An exemption clause is a stipulation in a contractual agreement between two parties that limits the liability of one party in the case of breach of contract or contract default. There are a few different types of exemption clauses, but the three most common are:

  • Limitation clauses
  • Indemnity clauses
  • Exclusion clauses

Exemption clauses can be more in favor of one party than the other, so it's always important to be aware of these clauses, review them carefully, and negotiate if necessary.

Limitation Clause

Courts tend to be more accepting of limitation clauses, also called limited liability clauses. These can be less drastic than other exemption clause types, which is why courts seem to be more comfortable enforcing them. Limitation clauses don't completely exclude one party from any kind of liability, but they ease the blow a bit.

If a company includes a limitation clause in a contract, for example, it might state that if an individual is injured under contract, they will pay as much as $500 to cover damages. The clause will likely be worded negatively, so it would probably say that the company will not pay any more than $500 to cover damages.

Limitation clauses or limited liability clauses limit what an individual or company can be held responsible for, while still requiring a bit of liability so that the other party is afforded some damages.

Indemnity Clause

Of the three different types of exemption clauses, indemnity clauses are the most complicated. If two parties enter into a contract with an indemnity clause, one party is held liable for all losses that the other party might cause. This is called indemnification, one party protects or defends the other if they are sued.

Indemnity clauses work well in sales agreements. For instance, if one company sells a software design to another, they might include an indemnity clause in the contract in case an outside party tries to sue on grounds of intellectual property piracy. All costs of the lawsuit, including damages, would be completely covered by the company that originally created and sold the software design, even though the other company owned it.

Exclusion Clause

Exclusion clauses are frequently found under the terms and conditions part of a contract. Pick up the owner's manual for just about any product and you'll find a terms and conditions section. Most companies include an exclusion clause that says something like, "(company name) is not liable for any damages if our products are used unlawfully or outside of their intended use."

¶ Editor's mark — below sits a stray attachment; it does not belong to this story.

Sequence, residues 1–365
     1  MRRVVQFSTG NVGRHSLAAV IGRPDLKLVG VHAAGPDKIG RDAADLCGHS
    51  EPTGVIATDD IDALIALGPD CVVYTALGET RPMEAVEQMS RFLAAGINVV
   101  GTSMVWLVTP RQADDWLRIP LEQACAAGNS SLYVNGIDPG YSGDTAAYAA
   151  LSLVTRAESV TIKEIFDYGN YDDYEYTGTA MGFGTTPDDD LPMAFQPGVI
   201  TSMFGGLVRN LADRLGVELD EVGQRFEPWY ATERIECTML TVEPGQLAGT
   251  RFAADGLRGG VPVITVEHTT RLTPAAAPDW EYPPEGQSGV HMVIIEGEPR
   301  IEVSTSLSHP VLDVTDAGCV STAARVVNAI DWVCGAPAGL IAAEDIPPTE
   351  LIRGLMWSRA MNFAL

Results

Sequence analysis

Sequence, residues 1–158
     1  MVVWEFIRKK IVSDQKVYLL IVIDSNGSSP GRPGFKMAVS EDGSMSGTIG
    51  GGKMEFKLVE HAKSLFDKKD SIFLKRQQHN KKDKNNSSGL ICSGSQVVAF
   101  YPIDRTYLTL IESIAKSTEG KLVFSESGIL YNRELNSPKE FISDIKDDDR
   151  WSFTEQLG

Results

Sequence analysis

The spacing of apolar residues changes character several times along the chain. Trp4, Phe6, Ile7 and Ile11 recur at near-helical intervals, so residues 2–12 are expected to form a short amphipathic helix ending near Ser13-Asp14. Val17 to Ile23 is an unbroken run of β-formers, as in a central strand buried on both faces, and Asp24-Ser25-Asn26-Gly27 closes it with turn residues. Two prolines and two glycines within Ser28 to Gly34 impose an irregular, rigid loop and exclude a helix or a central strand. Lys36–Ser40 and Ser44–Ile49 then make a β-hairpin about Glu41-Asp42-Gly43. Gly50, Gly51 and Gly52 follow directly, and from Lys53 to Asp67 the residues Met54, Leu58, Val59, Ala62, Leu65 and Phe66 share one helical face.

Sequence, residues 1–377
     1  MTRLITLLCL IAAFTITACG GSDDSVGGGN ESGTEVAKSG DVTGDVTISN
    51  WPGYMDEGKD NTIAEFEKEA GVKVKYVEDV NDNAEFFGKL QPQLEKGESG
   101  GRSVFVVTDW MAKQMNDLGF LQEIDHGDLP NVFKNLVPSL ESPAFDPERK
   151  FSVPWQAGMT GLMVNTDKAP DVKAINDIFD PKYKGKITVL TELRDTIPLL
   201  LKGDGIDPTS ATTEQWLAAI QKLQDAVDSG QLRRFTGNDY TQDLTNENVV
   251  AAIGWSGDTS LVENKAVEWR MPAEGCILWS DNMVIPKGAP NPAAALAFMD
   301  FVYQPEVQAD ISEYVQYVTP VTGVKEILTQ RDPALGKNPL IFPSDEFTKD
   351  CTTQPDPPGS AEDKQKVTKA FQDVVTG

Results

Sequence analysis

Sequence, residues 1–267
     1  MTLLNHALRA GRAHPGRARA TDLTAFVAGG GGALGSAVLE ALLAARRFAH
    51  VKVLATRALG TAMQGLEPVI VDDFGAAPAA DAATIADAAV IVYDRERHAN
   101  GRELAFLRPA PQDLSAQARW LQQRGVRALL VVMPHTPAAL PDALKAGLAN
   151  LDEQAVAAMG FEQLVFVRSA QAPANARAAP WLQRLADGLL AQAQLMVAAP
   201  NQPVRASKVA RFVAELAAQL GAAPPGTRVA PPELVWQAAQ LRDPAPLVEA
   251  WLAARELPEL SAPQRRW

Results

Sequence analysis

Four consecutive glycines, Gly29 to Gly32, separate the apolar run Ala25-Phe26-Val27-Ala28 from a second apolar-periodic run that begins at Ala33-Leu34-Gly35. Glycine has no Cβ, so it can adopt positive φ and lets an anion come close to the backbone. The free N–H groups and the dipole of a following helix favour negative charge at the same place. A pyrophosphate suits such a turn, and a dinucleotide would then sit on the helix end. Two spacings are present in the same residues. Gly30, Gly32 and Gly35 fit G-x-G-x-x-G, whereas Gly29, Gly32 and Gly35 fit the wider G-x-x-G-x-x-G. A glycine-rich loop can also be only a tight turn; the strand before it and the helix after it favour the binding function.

Because companies cannot control exactly how their products will be use by consumers, exclusion clauses protect them from being sued for things they couldn't help. For example, a company that makes rat poison cannot be sued if a person ingests it and dies because the product is not meant to be ingested.

In such cases, exclusion clauses keep the company protected from liability for any and all damages in a certain type of breach of contract. Other times, exclusion clauses can simply limit how much a party is held liable for to help lower the amount of risk they take on in forming a contract.

One party may draft a contract with an exclusion clause that states that they may only be held liable for as much as $10,000 in a specific event. This way, if something goes wrong, one party can't take the other for everything they're worth, but the defaulting party is still held responsible for their actions.

Exemption Clause Enforcement

Exemption clauses can be fairly simple to draft into a contract, but they are sometimes difficult to enforce with the court.

In order to be enforceable, the drafting party must be sure that the exemption clause:

  • Is obvious and clearly stated in the contract
  • Doesn't exploit a weakness in the other party (like a massive company taking advantage of a smaller company's lack of resources)
  • Allows for opportunity to negotiate the clause and is not adhesive

Courts tend to be skeptical of exclusion clauses that totally exclude one party from any liability at all, especially if these total exclusion clauses aren't written properly. Taking a party to court over an exclusion clause is still very expensive and time consuming, even if the case goes in your favor, so be careful what you sign and read terms and conditions carefully.

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